Learning is the most vital part of our life. Those who learn the thing quickly will get success in their field but learning speed vary from student to student. And boring lecture sessions are everyday incidence on any college campus. But what if there was improved, safer method to learn new or difficult material more rapidly? What if "thinking caps" were real?
In a latest study published in a Journal of Neuroscience, Vanderbilt psychologists Robert Reinhart, a Ph.D. candidate, and Geoffrey Woodman, assistant professor of psychology, illustrate that it is probable to selectively influence the ability to learn via a application of the mild electrical current to a brain, and that this effect can be developed or depressed depending on direction of current.
The medial-frontal cortex is supposed to be a part of a brain responsible for instinctive Oops! reply we have when we make mistake. Preceding studies have demonstrated that spike of negative voltage initiates from this area of brain milliseconds after person makes error, but not why. Reinhart and Woodman wished to test idea that this activity influences learning as it permits brain to learn from our faults. And that is what we set out to test: What is a actual function of these brainwaves?" Reinhart said. "We wished to reach into the brain and causally control the inner critic."
Reinhart and Woodman set out to test some hypotheses: One, they wished to set up that it is likely to control brain's electrophysiological response to errors, and two, that its consequence could be deliberately regulated up or down depending on direction of electrical current applied to it. This bi-directionality had been experimental before in animal studies, but not in humans. As well, researchers set out to see how long effect lasted and whether results could be universal to other tasks.
Stimulating the brain
Using the elastic headband which secured two electrodes conducted by saline-soaked sponges to cheek and crown of head, researchers applied 20 minutes of transcranial direct current stimulation (tDCS) to each subject. In tDCS, very mild direct current travels from anodal electrode, through skin, bones and brain, muscle, and out through corresponding cathodal electrode to complete circuit. "It is one of the safest methods to noninvasively stimulate brain," Reinhart said. Current is so moderate that subjects reported only few seconds of tingling or itching at starting of each stimulation session.
In every three sessions, subjects were arbitrarily provided either anodal (current travelling from electrode on crown of head to one on cheek), cathodal (current travelling from cheek to crown) or sham condition which replicated physical tingling sensation under electrodes without affecting brain. Subjects were unable to tell difference between three conditions.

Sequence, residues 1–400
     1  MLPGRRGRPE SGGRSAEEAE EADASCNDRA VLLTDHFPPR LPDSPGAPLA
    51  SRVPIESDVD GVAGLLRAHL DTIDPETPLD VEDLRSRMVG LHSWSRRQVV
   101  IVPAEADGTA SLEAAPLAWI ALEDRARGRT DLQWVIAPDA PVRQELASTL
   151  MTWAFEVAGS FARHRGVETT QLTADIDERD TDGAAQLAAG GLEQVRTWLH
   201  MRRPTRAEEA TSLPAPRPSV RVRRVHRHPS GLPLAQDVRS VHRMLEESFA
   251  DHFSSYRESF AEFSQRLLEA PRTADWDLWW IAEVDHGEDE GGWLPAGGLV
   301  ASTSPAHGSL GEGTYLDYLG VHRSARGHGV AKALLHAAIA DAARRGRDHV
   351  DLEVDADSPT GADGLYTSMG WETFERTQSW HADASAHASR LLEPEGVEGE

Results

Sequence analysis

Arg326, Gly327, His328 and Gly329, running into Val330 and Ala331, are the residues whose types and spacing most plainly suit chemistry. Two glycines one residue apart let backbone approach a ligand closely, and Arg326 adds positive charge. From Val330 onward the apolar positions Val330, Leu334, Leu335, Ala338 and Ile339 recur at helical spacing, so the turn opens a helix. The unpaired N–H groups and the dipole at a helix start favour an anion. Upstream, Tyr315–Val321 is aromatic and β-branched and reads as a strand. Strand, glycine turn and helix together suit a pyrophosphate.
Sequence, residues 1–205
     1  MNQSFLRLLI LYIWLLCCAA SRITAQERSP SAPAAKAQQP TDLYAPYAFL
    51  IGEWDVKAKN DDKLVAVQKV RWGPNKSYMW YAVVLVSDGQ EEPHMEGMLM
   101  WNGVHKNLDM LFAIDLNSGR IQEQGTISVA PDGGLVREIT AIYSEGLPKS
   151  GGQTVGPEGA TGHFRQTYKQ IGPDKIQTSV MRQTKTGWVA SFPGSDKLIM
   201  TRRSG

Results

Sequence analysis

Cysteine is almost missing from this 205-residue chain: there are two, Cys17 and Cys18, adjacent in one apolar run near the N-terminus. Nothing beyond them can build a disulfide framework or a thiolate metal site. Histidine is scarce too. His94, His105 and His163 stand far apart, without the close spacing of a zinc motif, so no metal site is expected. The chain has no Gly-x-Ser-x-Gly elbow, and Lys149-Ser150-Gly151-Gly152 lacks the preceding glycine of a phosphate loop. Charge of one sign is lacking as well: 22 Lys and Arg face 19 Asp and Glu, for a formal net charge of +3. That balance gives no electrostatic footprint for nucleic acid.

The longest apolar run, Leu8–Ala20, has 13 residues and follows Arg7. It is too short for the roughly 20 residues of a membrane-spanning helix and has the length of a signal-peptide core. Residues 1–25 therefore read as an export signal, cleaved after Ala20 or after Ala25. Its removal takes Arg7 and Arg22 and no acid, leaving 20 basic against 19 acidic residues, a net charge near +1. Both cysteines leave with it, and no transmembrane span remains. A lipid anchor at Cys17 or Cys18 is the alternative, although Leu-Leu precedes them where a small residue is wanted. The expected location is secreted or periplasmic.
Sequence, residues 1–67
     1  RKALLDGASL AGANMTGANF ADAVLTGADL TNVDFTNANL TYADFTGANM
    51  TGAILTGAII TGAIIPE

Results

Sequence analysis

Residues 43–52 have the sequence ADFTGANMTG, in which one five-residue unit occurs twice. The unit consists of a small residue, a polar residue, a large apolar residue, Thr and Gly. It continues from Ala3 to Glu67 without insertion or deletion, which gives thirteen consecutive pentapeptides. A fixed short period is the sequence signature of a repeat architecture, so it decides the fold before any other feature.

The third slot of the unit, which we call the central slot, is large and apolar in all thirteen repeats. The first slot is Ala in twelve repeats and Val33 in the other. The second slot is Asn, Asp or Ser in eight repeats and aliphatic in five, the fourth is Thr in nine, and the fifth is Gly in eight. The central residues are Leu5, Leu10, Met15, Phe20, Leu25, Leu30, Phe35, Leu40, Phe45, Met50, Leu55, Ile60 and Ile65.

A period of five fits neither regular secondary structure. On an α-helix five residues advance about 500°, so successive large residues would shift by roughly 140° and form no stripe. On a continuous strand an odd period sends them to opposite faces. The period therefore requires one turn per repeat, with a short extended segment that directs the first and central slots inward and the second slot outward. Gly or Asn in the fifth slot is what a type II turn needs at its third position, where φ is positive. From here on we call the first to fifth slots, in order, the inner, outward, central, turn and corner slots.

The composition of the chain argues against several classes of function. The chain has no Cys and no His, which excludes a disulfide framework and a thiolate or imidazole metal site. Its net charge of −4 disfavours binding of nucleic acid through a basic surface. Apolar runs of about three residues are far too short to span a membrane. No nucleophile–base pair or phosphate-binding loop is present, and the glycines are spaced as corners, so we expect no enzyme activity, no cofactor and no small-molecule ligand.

The learning task
After 20 minutes of stimulation, subjects were provided learning task which involved figuring out by trial and error which buttons on game controller corresponded to specific colours displayed on monitor. Task was made more complex by occasionally showing signal for subject not to respond sort of like a reverse Simon Says. For even more complexity, they had less than second to respond accurately, giving many opportunities to create errors and, thus, a lot of opportunities for medial-frontal cortex to fire.
Researchers calculated electrical brain activity of each participant. This permitted them to watch as brain changed at very moment participants were producing mistakes, and most significantly, permitted them to find out how these brain activities altered under influence of electrical stimulation.
Controlling the inner critic
So when we up-regulate the process, we can make you more vigilant, more adaptable to new or changing situations, less error-prone -- which are pretty extraordinary Reinhart said. When anodal current was supplied, spike was roughly twice as large on average and was considerably higher in majority of individuals tested. This was shown in their behaviour; they made less error and learned from mistakes more rapidly than they did after sham stimulus. When cathodal current was applied, the researchers observed the opposite result: The spike was significantly smaller, and the subjects made more errors and took longer to learn task.
The effect was not clear to subjects, their error rates only differed about four percent either way, and behavioural adjustments adjusted by matter of only 20 milliseconds, but they were plain to see on EEG. This success rate is far better than that experiential in studies of pharmaceuticals or other kinds of psychological therapy.
The researchers determined that effects of a 20-minute stimulation did transfer to other tasks and lasted about five hours.
Implications of result extend beyond potential to get better learning. It may also have clinical benefits in treatment of circumstances like schizophrenia and ADHD that are related with performance-monitoring deficits.